[ANN] DataToolkit.jl — Reproducible, flexible, and convenient data management

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Reproducible, flexible, and convenient data management


DataToolkit.jl is part of a trio of packages that aim to provide an exceptionally convenient and extensible approach to data management. Compared to pipelines (e.g. nextflow, snakemake) this focuses more on helping when you want to make the data handling in an individual project/one-shot analysis easy and reproducible.

It subsumes the capabilities of (a non-exhaustive list):

Here’s a taster of what using it looks like:

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See the Introduction in the docs and/or my JuliaCon23 presentation [slides] to learn more :slight_smile:

I’ve just released v0.7 :tada:, and pending development/feedback I plan on tagging 1.0 late this year. I have a few things I want to do before then such as:

  • Changing the checksum to KangarooTwelve/Blake3
  • Settle on a public API
  • More docs
  • More tests
  • More supported storage backends (artifacts, S3)

If this sounds of interest, please give it a whirl and let me know if you have any feedback, I’d be keen to hear thoughts/experiences with this :grinning:.

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This looks very interesting! Could you give a quick summery of the similarities/differences compared to DrWatson.jl?

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To quote George:

the mission with DrWatson is to keep things as simple as possible. And DrWatson is not so much a data management system, but a “scientific project assistant” let’s say.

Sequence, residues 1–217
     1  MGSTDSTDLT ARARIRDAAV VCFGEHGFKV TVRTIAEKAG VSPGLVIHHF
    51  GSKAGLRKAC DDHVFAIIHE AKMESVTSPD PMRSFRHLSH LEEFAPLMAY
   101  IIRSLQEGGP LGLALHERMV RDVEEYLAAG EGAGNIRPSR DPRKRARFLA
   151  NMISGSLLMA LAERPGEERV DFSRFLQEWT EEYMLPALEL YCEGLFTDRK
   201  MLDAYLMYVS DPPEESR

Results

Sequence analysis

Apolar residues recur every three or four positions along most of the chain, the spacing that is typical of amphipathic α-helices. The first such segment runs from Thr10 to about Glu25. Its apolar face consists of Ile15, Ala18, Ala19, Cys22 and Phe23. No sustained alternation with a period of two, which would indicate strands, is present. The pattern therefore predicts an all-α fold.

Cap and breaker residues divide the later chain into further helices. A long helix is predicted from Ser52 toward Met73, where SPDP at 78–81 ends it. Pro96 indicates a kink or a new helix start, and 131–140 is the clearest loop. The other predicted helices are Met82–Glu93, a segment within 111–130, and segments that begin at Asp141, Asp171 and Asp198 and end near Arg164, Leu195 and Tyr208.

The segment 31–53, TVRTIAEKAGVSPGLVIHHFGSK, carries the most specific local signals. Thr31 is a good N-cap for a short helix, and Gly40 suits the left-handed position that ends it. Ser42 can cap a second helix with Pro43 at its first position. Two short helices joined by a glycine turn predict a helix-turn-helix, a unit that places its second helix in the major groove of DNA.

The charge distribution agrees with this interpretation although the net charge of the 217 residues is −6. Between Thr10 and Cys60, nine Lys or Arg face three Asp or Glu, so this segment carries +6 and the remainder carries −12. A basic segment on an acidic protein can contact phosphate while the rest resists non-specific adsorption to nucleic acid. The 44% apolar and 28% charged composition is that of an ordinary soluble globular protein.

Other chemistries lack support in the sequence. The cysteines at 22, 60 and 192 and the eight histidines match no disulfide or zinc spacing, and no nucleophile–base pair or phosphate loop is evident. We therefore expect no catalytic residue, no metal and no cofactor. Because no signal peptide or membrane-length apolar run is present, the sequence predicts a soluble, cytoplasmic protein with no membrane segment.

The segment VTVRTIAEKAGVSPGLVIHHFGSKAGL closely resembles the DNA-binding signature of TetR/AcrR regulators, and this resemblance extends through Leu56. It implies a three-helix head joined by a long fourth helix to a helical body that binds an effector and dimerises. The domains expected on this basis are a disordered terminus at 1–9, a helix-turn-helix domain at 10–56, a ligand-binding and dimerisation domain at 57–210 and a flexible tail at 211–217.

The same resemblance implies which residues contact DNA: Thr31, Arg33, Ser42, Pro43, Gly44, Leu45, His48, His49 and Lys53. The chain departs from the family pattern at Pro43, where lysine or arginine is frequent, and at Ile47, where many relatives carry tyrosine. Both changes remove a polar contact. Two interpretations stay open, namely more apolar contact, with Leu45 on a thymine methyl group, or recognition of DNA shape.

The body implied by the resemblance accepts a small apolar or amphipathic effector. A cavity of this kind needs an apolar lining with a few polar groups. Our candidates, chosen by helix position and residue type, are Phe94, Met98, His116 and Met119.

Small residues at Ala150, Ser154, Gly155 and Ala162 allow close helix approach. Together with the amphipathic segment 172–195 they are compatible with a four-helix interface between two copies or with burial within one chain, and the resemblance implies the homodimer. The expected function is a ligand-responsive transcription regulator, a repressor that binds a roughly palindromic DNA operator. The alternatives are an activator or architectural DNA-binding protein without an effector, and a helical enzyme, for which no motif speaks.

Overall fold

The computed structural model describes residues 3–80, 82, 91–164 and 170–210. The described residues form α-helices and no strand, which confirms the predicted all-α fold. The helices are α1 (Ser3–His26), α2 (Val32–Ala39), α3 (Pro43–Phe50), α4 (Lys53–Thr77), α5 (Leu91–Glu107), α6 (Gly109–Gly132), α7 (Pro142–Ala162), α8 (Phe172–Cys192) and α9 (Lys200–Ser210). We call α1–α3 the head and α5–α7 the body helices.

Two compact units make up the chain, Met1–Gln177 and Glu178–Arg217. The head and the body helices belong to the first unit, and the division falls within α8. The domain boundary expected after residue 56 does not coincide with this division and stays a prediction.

So it’s a bit like being asked to compare DataFrames.jl and MLJ.jl — both “do things” with tables but have entirely different concerns.

That said, this could probably be used in a DrWatson project, and maybe even integated more directly.

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How does this system deal with the versions of the loader packages? It seems to me like when CSV is needed, you’re prompted to install it in the usual way, giving you a manifest entry. But the data.toml doesn’t know about the version, so it would not be enough to be sure you get the same data on a different machine after deserialization. I guess checksumming can only apply to the raw bytes, so how can a user be sure that data is loaded as originally intended? Or is the system intended to work together with your manifest, so that only the combination of data.toml plus manifest.toml suffices to describe what you did.

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Exactly what you suppose at the end. Data.toml is expected to live within a Julia project (next to the Project.toml and Manifest.toml). We let Pkg.jl do the excellent job it already does at reproducing package environments, and together with DataToolkit you get complete reproducibility of a project that involves loading data :slight_smile:

Hmm, maybe it would be good to have an example repo showing an example data project and data package built using DataToolkit:thinking:. For the first of these, I could just save the end result of the tutorial.